- Block cars from the central city and extend this outwards quickly.
- Build medium density accommodation which will better justify the public transport.
- extend the cycle paths, right now I cycle down Hillside Road daily and I frequently have to dodge cars as there is no cycle path there. Some of the cycle paths that do exist are good, some not so good.
- Move the hospital above sea level. This is an asset that is supposed to last many decades but is currently being proposed for a site that is barely above sea level. For a contrast the CALIFORNIAN state government now recommends that local planners adopt a risk-averse approach to permitting developments such as hospitals and housing — facilities with low “adaptive capacity” — in areas that have even little chance of flooding in the coming decades.
- We all know about South Dunedin, most of which is less than 1 metre above sea level. It is sinking while the oceans are rising. We need to start withdrawing now.
- forget the Opera House development on the foreshore, there are better uses for this money and it’s 30 years too late.
- support local food initiatives. Food can contribute greatly to CO2 emissions.
Now lets move on to the case against declaring a climate emergency in Dunedin.
Renee Gerlich, a writer on feminist issues based in Wellington, recently suggested that such declarations paved the way for anti-democratic forces. I have done enough history to see that these forces are never far away from us and their systems for some reason always rely on their own self selection. But science is against them as more brains on anything always results in better decisons.
I also don’t think that anybody who has their eyes open is missing these anti-democratic forces sudden and recent appearance here in NZ. Women’s right to democratic decisionmaking re their own spaces, including prisons and sport, is in the process of being removed. If allowed to continue everyone elses democratic rights will soon follow.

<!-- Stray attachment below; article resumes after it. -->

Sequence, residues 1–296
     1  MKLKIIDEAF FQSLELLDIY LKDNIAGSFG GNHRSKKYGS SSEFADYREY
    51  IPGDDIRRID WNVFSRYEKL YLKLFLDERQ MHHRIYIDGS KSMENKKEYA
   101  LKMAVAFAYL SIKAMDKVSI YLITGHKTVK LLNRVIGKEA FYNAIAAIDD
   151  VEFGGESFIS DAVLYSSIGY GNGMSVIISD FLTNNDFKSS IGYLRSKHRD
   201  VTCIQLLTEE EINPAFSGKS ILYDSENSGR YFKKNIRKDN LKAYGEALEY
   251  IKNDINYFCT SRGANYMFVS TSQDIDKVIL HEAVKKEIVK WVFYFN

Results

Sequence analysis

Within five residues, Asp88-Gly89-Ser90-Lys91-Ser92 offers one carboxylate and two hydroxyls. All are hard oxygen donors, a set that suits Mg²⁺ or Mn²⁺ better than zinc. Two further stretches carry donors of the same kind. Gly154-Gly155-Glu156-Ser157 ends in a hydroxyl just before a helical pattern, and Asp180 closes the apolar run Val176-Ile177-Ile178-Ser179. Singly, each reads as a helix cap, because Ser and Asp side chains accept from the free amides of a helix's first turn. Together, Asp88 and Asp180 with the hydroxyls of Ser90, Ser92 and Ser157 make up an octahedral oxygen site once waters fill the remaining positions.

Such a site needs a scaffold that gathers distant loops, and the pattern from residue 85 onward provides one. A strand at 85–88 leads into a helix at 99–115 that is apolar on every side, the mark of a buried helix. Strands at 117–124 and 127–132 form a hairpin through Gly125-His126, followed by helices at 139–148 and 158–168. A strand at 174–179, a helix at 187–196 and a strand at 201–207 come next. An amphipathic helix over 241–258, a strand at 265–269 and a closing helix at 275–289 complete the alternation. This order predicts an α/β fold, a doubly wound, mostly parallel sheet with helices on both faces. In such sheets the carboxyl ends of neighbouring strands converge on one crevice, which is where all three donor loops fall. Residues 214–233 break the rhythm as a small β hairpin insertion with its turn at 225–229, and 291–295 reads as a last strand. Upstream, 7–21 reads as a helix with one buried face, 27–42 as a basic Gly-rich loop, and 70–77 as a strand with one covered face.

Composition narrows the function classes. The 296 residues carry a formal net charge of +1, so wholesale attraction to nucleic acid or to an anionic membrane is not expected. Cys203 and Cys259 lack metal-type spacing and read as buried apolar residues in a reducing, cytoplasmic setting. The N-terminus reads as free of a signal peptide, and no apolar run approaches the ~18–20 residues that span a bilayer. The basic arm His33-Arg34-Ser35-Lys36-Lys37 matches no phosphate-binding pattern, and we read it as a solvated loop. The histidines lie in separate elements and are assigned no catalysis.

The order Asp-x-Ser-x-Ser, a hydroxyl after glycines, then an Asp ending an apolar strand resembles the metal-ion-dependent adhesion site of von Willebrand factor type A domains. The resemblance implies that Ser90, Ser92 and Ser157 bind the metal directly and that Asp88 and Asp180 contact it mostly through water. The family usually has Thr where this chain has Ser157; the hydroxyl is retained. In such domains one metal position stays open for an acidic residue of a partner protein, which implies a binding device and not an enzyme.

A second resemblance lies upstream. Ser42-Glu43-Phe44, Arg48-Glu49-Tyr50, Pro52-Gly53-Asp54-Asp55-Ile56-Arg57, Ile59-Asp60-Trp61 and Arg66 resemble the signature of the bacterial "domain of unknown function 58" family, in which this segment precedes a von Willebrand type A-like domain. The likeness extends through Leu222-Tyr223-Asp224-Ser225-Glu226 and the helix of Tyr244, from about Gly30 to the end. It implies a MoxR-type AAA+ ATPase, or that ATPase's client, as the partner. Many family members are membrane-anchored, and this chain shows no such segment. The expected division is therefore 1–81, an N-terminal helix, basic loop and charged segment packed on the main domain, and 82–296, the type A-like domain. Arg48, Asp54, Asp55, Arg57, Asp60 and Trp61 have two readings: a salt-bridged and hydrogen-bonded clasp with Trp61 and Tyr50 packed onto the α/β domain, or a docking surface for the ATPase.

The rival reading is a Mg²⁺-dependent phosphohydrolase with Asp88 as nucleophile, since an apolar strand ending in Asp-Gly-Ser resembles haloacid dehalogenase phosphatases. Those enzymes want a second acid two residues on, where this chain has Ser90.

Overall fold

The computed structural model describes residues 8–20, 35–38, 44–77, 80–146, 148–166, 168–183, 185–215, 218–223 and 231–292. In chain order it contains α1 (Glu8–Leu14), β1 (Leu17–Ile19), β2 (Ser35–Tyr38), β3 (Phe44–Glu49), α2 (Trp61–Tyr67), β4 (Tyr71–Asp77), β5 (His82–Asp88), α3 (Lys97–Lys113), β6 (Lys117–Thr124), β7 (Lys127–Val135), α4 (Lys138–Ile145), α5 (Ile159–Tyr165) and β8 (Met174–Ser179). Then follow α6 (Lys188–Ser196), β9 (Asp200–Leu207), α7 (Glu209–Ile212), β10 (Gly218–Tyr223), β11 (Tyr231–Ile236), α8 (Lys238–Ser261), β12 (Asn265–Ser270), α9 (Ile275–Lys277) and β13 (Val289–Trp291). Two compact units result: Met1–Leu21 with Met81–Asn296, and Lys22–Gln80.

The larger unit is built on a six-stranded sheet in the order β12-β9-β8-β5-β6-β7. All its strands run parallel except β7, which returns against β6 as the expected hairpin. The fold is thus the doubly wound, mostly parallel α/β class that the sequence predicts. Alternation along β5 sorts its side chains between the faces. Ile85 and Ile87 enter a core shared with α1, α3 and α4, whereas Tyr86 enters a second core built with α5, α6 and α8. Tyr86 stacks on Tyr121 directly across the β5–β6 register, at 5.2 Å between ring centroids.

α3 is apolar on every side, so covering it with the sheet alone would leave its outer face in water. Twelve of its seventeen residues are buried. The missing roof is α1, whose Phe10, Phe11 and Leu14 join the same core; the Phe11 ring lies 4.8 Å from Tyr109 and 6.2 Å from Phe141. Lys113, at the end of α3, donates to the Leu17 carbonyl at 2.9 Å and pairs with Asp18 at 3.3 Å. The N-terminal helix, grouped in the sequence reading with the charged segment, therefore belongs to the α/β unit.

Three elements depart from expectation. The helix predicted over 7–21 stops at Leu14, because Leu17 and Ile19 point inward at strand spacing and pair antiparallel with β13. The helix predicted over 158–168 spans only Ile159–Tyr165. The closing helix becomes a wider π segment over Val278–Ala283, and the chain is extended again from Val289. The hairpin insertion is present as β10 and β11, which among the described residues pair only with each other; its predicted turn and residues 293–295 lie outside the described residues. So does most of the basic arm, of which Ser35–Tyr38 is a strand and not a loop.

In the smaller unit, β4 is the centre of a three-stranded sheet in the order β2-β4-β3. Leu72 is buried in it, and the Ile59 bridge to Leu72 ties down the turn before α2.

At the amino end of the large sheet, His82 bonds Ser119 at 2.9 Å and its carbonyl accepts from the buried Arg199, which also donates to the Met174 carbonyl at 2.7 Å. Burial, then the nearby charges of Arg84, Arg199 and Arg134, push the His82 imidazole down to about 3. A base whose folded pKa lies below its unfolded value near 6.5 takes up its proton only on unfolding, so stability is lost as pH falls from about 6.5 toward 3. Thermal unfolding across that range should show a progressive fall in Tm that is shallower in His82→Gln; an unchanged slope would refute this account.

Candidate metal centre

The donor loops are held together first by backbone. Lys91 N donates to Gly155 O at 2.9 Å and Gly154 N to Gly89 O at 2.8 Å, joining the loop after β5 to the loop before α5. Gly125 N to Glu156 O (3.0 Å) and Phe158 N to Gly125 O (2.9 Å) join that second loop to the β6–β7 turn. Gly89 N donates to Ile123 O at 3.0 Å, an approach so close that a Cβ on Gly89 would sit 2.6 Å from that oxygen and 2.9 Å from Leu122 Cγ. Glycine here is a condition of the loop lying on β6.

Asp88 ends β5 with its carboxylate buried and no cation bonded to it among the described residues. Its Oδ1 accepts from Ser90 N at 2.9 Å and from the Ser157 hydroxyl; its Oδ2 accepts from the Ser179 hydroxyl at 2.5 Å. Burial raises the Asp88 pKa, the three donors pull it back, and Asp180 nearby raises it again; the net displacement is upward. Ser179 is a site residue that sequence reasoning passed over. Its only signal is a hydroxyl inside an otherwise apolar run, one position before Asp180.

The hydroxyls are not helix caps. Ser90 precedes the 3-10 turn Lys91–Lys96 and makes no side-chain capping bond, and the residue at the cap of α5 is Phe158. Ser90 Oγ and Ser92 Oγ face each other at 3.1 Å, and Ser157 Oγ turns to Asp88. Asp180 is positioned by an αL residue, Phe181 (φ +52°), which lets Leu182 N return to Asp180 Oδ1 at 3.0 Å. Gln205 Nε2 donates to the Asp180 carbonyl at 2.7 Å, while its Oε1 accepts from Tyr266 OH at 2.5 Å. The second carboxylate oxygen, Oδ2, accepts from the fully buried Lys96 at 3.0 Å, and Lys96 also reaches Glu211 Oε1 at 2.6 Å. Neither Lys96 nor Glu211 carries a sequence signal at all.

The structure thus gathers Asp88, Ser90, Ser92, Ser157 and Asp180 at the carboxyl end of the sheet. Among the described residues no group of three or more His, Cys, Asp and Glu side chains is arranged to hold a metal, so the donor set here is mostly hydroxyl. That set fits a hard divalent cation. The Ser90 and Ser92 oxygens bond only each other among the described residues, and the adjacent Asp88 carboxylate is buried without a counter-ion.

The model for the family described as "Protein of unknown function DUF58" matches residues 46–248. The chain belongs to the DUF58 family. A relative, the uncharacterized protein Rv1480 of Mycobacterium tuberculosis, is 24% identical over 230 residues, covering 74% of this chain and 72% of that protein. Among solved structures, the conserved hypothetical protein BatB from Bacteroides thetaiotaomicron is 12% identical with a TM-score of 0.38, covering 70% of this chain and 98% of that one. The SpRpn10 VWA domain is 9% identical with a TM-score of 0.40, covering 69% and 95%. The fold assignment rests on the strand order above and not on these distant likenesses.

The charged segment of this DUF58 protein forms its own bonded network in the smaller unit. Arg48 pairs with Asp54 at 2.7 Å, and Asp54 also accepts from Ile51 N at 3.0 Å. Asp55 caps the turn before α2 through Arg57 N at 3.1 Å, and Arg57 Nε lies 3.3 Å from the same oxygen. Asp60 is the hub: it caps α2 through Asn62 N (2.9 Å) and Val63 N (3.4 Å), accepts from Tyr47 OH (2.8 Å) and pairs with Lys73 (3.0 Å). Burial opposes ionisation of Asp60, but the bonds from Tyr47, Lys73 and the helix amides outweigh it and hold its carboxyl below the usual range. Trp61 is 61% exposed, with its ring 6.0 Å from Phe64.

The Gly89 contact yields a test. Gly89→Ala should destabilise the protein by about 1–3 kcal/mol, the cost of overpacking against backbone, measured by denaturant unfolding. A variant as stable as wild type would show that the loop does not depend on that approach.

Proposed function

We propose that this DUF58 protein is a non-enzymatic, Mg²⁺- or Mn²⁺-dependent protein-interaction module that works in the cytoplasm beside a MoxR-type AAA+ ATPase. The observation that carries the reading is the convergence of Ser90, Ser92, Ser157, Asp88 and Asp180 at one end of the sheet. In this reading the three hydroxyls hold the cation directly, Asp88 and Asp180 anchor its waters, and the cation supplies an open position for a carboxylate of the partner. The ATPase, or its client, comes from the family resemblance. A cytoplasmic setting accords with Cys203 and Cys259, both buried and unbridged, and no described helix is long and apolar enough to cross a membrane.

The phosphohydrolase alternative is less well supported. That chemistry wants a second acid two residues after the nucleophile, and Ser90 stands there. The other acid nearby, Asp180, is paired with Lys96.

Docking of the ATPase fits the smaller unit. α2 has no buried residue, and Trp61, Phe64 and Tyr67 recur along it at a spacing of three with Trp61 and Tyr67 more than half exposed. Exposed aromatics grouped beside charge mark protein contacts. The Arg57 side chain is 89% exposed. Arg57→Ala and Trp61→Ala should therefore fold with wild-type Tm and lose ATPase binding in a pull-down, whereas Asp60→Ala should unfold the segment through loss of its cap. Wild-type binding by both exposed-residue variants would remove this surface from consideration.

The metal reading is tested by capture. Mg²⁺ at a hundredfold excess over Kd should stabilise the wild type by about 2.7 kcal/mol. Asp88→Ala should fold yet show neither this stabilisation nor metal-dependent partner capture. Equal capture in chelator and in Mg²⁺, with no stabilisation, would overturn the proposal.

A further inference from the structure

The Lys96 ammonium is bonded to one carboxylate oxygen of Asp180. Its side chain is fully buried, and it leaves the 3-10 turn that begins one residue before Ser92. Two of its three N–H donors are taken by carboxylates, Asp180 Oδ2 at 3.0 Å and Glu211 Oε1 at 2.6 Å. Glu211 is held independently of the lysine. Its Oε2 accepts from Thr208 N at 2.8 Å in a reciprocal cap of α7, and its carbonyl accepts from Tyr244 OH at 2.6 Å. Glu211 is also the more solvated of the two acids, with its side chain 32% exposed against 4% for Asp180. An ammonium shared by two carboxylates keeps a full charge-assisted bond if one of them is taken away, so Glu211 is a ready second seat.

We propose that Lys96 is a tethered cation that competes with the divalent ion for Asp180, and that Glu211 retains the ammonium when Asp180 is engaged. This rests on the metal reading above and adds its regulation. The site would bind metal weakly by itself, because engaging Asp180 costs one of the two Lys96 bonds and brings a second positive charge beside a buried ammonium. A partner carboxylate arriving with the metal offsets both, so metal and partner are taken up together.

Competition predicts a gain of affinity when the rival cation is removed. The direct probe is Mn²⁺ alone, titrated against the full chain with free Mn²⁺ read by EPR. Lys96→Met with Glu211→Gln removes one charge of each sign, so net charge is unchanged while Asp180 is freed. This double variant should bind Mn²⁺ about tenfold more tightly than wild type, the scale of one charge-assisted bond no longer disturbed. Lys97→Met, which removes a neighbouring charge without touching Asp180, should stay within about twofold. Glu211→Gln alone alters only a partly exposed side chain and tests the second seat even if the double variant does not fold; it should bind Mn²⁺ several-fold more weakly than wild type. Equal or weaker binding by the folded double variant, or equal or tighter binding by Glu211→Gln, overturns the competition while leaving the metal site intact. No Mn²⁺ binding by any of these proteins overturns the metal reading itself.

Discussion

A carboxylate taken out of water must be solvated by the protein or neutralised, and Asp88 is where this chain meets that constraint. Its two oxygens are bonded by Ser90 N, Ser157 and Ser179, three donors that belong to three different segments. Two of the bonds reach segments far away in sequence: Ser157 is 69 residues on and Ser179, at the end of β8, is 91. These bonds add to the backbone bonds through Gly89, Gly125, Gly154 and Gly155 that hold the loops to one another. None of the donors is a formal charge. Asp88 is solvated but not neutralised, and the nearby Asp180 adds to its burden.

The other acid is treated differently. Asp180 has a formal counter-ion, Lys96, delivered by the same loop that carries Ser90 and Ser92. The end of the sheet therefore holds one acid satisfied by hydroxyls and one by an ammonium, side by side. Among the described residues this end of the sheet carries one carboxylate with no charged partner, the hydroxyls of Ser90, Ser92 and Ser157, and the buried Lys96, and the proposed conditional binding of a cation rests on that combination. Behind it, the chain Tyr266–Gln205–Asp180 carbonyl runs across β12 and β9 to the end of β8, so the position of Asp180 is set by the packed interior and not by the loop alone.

Groups such as Peace Action Auckland or Wellington Peace Action have indulged in several very badly thought out actions in the last few years including planting fake bombs in a movie theatre and draping large unapproved distractionary signs over motorway bridges. They’re now amongst the chief supporters of declaring such ‘Climate Emergencies’ which should give everyone else pause for thought. The last thing we need here in NZ is the “Valerie Morse climate forum for woke blokes”.
More locally recent changes at the DCC regarding containment of supposed abusive correspondence when robust views are exactly what is needed right now is also another sign of this encroachment on democracy. I’m sure that there are adequate means to address such abuse if it does happen. Appointing someone, or worse having someone else appoint that person, to the role of deciding which emails get through is though a step well beyond the pale.
Adding two unelected representatives of Kai Tahu to the Otago Regional council is also concerning as although a case for inclusion of local Maori could be made (much along the line of Maori seats in Parliament) they should still be elected to these positions.
Bascally a declaration of intent is useless if not followed up. We have very real examples of these in the IPCC conferences that we have had since 1995. In this timeframe total gigatonnes of CO2 emissions have increased by about 70%. In fact many believe the real figure is closer to 50 gigatonnes per year which would in effect be a doubling of emissions in that timeframe.
Ireland was very recently only the second country to declare a climate emergency after the UK. Various Canadian municipalities have also declared such emergencies. Meanwhile the extraction of oil in the Albertan tarsands and the takeover of the proposed pipeline to Burnaby in the Vancouver region to deliver this oil to East Asia and elsewhere is strongly supported by the Trudeau government. In Ireland declaring a climate emergency was supported by the government and most opposition parties after an amendment was passed but the Irish government continues to stymie the bill put forward by Bríd Smith (of Solidarity/People Before Profit), that would effectively keep the carbon in the ground. It is a bill that calls for the amendment of the Petroleum and Other Minerals Development Act (1960) placing limits in the Irish jurisdiction until the measurement of C02 at Mauna Loa in Hawaii is back down to 350 ppm. It’s current status is that it is more or less vetoed by the Government using somewhat underhand tactics. So much for their ‘climate emergency’.
I will quote some reactions to the news of the declaration of the Climate Emergency in Ireland.
“! Chair of the Climate Action Committee, Fine Gael’s Hildegarde Naughton, welcomed the outcome as “an important statement” but added “now we need action.” (Irish activists are unconvinced that Hildegarde will do anything of the sort)